After testing several different color paints, I ended up using Rost-Oleum Ivory Bisque semi-gloss as the beige shade. All the sides were glued together except the back, The back was held on by tiny brackets that were 3D printed and then screwed into. This allows access to the inside without breaking glue somewhere. Originally I was going to attempt to put a little handle on it, but that increased the complexity; in the end the top is flat.
All the laser cutting and 3D files I used I tracked with Git over at https://github.com/daberkow/minimacparts . I will put a few photos of the clear unit below, and of the final unit. Then later post another article about the electronics, and software to run it. There are also photos of the many many attempts at different sized bodies and painting side panels. My original model was almost exactly 1/3rd scale. Then I had to make it a tiny bit bigger because of the screen I used.
Standard disclaimer that I do not own or hold any rights for the Macintosh name, or Apple logo. I do this as a fan for fun.
For years I used a Windows Server 2008 for my home files, having TechNet I used Windows Server 2008 and then later 2008 R2. While this was nice, it was using software RAID and a random assortment of drives that were cloning (RAID 1 style) between themselves. I originally went with this for the ease that Windows brings to things, but in the end with it mainly being a file server it just sat there initialized.
Fast-forward to this November, with space running out, I decided it was time to get a new system and replace the aging AMD Windows Server.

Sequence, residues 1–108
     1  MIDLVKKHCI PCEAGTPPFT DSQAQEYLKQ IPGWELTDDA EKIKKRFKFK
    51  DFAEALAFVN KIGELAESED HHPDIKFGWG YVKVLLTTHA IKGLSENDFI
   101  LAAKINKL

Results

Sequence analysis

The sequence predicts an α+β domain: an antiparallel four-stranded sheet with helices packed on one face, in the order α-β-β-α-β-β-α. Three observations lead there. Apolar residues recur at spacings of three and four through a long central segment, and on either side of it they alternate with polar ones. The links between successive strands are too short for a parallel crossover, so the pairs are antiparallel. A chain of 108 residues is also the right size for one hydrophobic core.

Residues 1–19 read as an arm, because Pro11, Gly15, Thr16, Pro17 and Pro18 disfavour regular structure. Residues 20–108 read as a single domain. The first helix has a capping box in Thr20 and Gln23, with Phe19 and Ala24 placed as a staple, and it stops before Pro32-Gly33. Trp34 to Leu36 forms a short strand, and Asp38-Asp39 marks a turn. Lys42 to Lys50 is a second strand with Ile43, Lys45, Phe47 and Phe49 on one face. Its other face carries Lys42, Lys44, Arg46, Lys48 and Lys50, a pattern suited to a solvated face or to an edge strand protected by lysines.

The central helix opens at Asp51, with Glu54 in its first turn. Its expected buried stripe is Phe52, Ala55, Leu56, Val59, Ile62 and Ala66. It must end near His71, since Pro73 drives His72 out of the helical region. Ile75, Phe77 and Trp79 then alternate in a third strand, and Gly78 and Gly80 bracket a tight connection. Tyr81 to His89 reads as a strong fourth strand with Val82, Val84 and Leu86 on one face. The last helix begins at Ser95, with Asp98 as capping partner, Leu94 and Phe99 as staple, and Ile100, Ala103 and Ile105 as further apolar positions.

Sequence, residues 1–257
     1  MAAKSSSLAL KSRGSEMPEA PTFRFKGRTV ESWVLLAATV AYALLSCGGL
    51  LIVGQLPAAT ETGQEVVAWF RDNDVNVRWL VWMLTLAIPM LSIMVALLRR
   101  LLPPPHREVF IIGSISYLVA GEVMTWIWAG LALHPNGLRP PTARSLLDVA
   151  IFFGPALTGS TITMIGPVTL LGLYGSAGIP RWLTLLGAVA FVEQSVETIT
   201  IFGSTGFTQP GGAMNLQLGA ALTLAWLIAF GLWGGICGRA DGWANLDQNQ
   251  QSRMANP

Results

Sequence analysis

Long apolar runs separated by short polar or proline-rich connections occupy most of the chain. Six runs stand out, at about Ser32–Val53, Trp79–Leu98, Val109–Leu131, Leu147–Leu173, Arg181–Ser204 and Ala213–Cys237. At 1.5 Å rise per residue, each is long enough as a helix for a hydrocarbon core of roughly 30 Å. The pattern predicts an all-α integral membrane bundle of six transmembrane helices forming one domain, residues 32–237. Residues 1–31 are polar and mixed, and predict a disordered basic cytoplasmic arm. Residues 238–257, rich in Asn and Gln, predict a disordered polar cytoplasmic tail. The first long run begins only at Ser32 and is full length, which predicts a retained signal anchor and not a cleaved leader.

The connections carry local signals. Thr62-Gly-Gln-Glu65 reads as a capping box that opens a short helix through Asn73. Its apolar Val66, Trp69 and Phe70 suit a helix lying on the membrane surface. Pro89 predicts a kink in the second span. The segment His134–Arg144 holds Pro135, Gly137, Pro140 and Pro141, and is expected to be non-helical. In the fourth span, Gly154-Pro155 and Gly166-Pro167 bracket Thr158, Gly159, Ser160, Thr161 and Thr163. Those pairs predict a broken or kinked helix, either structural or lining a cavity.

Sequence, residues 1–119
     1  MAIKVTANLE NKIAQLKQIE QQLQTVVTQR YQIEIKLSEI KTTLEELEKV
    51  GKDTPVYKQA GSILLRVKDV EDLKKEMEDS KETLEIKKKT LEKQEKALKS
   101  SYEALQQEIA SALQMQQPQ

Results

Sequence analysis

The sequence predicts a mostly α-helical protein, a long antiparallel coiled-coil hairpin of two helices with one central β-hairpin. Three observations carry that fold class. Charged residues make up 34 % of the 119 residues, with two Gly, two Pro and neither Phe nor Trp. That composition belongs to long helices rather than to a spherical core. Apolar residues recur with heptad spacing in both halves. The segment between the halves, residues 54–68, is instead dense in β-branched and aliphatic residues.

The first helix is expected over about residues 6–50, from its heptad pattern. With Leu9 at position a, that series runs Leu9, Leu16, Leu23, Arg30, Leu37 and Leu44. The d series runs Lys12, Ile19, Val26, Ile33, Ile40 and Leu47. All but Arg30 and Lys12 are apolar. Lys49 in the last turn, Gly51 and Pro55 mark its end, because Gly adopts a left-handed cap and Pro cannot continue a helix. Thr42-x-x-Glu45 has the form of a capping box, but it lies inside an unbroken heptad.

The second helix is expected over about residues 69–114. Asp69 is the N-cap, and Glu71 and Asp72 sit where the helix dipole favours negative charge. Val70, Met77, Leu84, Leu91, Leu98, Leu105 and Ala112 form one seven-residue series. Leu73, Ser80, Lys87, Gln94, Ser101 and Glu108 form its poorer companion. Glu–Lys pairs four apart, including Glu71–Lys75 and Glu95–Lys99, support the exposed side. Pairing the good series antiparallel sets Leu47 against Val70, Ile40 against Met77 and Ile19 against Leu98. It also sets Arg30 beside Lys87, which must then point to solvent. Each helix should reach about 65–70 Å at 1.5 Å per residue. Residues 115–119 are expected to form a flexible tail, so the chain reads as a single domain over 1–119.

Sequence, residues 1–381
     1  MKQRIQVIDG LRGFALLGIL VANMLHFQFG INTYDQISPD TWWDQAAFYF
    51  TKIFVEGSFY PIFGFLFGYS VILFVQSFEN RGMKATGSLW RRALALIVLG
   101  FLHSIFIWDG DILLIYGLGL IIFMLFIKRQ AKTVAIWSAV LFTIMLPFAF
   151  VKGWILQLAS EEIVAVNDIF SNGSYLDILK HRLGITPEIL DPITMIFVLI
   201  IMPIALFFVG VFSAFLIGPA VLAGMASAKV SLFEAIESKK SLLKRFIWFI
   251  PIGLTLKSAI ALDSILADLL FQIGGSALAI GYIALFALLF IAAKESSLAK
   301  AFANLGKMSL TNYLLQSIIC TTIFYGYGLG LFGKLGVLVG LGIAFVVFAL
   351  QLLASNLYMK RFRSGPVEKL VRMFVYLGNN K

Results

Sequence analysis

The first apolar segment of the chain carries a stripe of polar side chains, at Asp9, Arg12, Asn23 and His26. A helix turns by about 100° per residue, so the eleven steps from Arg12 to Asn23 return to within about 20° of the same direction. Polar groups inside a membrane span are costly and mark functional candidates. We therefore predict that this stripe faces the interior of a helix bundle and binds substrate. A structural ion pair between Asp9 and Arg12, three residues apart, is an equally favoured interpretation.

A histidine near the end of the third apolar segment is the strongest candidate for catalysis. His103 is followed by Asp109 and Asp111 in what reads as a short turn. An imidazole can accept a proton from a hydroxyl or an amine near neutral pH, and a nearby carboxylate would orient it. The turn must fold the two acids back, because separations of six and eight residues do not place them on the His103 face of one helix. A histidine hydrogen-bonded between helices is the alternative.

I wanted a RAID 5 or 6, so that I was not losing as much space as the RAID 10s that I had been using. I also wanted the system to be less maintenance than a Windows Server that needs patched every month. Recently I had heard good things about FreeNAS (freenas.org), from reddit.com/r/homelab; after seeing all the features of ZFS, I decide on a RAID 6, with ZFS. This is also known as a RAIDZ-2.
At first I looked at HP Microservers, http://www8.hp.com/us/en/products/proliant-servers/product-detail.html?oid=5379860 – !tab=features, yet after looking at what you got for the price, decided I wanted to build the new system myself.
The first challenge was finding a small case, that could hold the amount of hard drives I wanted, at least 5, without having a large footprint. After some searching I came across the LIAN LI PCQ25B, http://www.newegg.com/Product/Product.aspx?Item=N82E16811112339, while not a cheap case, it offered a 5 hard drive tray and at the same time was not that large. This suited my purposes nicely.
Next I had to find which CPU I wanted; since I was hoping to keep the cost of the system down I looked at the AMD processors available. I was disappointed to see how cheap Intel processors were beating or matching far more expensive AMD chips. AMD would throw items in to sweeten the deal such as a decent GPU on the chip. However this was a NAS, I did not need all that extra stuff that would just sit there using power.
My final selection was an Intel Pentium G3220, http://www.newegg.com/Product/Product.aspx?Item=N82E16819116950; this part offers decent performance, and is the latest Haswell chip. This would allow me to upgrade the system down the road if need be. The part is also the latest socket, meaning that it could handle the larger memory sizes available, while I could use the MicroATX board the case required.